In a report from Windows Central, the Project Scorpio console(otherwise known as the new Xbox), will feature an “internal power supply unit (PSU), just like the Xbox One S” along with support for 4K decoding and streaming.
What you need to know: Project Scorpio is a new Xbox One console set for 4K content and games. The console itself is set to release in the holiday season of 2017.
More details around the console will be revealed at E3 2017, on 13 June 2017.
Multiple fans thought that Scorpio would become a powerhouse however, with the power supply unit (PSU) designed similar to the Xbox One S this may not be the case. Heating issues will be a problem, not to mention keeping a small form factor for that stylish marketing reveal is limiting in terms of hardware.
Microsoft has been punting this new 4K gaming console to the market, which is said to boast over six teraflops of computing power, with the main focus being 4K content, both viewing and creating. While 4K quality for gamers may still be a thing of the future, Microsoft is looking to focus on true 4K for not only their games but their media streaming services as well as content creation with the report mentioning that their support will even extend to game streaming: “In Microsoft’s efforts to make Project Scorpio a true 4K system, it will also feature HEVC and VP9 codecs for decoding 4K streams for things such Netflix, just like the Xbox One S. It will also leverage HEVC for encoding 2160p, 60 frame-per-second (FPS) video for Game DVR and streaming.”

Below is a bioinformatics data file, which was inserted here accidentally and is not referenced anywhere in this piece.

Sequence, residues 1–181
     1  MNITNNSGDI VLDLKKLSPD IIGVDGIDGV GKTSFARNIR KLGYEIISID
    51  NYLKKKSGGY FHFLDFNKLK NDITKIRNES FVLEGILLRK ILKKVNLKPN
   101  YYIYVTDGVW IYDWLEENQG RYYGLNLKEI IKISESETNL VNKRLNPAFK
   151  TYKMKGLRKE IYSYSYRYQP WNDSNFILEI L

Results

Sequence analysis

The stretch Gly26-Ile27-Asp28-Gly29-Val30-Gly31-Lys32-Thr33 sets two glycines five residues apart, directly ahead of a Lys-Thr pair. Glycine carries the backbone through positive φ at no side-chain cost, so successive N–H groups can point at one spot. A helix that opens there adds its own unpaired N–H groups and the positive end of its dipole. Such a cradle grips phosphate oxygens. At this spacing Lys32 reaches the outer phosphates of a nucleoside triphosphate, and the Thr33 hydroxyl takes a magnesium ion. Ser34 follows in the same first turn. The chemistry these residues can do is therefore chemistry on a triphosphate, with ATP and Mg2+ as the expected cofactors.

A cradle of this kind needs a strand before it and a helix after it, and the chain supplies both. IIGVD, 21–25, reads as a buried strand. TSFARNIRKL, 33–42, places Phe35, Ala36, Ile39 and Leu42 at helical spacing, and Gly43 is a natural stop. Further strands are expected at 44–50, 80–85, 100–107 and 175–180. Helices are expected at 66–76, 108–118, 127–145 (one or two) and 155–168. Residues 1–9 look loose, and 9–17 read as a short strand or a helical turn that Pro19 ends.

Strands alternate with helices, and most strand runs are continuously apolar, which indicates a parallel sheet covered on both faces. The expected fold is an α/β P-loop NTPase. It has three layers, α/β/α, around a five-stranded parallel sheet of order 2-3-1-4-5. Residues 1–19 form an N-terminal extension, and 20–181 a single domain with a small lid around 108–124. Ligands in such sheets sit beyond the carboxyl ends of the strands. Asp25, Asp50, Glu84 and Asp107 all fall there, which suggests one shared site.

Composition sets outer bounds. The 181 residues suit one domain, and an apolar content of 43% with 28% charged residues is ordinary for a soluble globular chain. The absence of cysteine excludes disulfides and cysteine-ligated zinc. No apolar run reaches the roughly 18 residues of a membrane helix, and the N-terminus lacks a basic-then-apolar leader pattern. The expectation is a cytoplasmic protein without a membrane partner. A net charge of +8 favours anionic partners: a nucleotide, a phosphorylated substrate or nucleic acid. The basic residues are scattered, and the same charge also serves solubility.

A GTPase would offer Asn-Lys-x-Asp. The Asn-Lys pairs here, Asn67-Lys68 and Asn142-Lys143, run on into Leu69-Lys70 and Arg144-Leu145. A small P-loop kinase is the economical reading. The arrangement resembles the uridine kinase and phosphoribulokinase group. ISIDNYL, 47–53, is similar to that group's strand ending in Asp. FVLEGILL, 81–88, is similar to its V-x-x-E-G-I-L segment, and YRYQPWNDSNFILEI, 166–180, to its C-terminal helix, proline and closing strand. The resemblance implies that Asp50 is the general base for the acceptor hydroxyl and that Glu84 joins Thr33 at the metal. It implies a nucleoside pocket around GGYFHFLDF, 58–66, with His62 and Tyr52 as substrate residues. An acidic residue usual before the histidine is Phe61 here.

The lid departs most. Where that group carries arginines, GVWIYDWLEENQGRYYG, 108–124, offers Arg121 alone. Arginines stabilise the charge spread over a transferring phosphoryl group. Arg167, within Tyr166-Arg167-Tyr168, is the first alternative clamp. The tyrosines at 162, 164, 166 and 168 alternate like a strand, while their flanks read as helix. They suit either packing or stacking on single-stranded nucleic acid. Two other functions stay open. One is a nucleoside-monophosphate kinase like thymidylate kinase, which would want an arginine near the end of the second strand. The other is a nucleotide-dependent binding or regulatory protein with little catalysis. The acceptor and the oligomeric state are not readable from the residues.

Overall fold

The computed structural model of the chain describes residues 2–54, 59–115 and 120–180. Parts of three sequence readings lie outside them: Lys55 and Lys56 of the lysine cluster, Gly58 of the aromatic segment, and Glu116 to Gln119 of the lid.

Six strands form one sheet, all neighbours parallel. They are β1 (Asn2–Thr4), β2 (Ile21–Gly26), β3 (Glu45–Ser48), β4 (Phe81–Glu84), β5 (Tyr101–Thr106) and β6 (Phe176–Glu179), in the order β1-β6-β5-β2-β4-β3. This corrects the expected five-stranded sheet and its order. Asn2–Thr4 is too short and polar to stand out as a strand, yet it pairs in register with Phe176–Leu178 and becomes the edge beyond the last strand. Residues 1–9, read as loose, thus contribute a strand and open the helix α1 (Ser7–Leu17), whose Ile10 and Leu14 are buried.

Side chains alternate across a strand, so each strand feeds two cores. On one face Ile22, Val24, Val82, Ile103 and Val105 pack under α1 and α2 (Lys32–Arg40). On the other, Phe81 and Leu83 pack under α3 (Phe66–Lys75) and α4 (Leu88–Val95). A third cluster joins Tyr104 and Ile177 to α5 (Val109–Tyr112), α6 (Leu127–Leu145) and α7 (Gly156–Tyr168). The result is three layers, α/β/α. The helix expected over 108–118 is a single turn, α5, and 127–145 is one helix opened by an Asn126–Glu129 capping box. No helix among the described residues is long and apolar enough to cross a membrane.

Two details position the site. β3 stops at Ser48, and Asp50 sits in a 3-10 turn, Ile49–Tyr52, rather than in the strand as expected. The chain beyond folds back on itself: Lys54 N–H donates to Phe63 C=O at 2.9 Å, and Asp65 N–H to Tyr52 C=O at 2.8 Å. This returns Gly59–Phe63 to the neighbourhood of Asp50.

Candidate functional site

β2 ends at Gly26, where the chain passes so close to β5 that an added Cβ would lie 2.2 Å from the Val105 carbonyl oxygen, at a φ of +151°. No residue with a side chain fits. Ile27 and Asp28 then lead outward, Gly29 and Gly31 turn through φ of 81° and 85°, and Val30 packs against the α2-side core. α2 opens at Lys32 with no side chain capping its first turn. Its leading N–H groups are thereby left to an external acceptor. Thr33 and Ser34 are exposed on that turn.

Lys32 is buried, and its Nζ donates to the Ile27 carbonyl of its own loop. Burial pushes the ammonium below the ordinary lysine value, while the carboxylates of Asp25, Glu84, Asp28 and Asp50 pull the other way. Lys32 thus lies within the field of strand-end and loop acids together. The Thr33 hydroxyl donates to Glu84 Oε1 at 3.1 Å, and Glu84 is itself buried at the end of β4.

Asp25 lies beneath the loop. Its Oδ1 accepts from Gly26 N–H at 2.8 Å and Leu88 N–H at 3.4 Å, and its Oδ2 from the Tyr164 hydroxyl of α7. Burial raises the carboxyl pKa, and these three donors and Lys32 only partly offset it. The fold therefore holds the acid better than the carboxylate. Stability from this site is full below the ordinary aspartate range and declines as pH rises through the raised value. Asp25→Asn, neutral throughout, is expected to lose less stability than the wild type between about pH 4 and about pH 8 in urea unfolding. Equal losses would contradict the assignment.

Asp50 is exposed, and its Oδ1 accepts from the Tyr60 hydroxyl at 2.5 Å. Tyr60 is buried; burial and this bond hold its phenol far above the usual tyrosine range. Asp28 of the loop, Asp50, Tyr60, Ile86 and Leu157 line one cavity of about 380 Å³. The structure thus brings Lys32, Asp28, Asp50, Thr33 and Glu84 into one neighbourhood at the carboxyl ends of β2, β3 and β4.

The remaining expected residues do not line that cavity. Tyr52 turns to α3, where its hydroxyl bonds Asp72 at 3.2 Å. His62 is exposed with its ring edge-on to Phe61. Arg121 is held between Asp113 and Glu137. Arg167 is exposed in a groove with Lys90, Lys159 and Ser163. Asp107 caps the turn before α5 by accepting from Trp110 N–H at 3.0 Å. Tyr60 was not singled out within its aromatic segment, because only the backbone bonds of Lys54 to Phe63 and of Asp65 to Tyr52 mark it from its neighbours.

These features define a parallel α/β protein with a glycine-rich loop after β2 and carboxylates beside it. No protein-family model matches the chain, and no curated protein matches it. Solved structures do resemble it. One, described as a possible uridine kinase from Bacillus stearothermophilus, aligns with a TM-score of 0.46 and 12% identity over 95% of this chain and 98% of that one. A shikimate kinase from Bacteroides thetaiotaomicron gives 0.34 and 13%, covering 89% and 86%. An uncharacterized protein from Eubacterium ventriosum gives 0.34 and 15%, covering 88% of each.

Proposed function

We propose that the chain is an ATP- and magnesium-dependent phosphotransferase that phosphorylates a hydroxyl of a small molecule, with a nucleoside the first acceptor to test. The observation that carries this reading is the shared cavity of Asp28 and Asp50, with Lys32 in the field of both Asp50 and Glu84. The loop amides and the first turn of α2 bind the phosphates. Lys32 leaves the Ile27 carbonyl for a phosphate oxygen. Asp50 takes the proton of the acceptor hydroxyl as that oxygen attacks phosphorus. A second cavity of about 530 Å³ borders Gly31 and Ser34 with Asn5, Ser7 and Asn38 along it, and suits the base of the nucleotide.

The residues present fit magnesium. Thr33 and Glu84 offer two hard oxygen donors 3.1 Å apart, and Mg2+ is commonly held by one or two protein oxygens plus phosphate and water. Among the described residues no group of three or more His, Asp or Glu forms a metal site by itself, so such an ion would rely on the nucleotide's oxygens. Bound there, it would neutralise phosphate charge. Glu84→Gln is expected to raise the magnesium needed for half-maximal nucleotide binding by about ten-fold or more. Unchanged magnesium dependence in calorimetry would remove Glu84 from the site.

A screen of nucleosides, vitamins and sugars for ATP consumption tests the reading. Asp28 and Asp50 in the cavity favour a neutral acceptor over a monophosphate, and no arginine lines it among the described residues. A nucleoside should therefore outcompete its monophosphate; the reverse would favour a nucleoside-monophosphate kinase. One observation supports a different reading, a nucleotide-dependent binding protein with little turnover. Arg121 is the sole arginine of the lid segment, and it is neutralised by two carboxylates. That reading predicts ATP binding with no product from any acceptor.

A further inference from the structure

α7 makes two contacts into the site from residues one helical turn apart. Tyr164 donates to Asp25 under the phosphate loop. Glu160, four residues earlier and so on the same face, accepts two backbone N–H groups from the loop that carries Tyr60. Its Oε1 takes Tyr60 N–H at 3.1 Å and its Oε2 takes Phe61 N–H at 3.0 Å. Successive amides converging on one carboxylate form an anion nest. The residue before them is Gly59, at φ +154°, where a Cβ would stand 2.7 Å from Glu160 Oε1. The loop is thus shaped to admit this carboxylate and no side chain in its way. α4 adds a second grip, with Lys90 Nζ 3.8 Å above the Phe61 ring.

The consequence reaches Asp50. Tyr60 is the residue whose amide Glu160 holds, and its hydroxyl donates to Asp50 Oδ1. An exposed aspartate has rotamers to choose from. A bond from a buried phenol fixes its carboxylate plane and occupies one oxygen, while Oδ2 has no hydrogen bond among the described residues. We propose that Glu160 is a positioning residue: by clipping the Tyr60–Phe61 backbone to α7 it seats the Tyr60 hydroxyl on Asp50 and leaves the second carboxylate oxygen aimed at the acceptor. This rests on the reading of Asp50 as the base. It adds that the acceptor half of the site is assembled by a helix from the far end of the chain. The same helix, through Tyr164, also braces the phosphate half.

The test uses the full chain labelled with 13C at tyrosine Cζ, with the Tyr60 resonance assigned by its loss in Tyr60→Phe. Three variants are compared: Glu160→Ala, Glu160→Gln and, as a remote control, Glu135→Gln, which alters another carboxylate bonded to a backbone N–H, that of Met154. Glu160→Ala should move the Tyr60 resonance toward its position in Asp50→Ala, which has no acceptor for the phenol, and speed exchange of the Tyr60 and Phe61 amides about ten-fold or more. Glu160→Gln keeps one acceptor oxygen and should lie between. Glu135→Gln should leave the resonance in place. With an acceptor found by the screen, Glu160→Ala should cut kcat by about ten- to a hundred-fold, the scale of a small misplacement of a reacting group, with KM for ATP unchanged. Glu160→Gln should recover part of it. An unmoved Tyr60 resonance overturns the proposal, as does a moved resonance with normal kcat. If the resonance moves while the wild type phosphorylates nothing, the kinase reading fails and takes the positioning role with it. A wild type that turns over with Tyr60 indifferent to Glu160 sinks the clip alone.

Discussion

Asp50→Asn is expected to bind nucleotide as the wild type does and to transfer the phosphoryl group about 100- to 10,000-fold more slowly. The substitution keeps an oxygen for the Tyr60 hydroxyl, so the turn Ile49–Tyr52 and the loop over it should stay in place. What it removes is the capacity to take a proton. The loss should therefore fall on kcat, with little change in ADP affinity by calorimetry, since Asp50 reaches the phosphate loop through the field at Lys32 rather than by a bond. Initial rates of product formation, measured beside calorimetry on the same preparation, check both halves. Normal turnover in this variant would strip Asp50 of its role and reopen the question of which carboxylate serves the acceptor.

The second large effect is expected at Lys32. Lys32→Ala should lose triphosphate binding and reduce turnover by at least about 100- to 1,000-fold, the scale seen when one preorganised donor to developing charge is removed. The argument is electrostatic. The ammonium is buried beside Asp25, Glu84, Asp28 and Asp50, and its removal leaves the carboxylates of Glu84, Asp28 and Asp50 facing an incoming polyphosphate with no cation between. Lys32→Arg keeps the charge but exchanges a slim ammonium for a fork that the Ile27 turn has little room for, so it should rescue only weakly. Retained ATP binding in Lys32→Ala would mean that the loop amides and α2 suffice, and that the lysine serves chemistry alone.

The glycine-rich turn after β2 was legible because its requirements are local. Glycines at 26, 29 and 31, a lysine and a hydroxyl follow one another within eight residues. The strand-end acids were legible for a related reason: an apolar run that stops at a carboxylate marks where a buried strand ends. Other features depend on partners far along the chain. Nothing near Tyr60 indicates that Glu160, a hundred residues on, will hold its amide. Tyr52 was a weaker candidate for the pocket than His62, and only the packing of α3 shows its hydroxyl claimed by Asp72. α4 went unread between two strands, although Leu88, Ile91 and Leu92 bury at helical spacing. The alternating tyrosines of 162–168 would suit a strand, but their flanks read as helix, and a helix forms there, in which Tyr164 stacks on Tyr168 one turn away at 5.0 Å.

This means that gamers can easily capture and create content at a 4K resolution, the dream for a lot of professional streamers, but that hangs on a thread since there are little to no details about what games will be available or how the system functions. For this 4K content, users will also be (obviously) using a 4K monitor or TV which comes at a premium price, especially in South Africa.
In conclusion, Project Scorpio could turn out to be an amazing video game capture solution for content creators with their new hardware a vast improvement over the current Xbox One consoles, that sport a measly 720p 30fps DVR capture.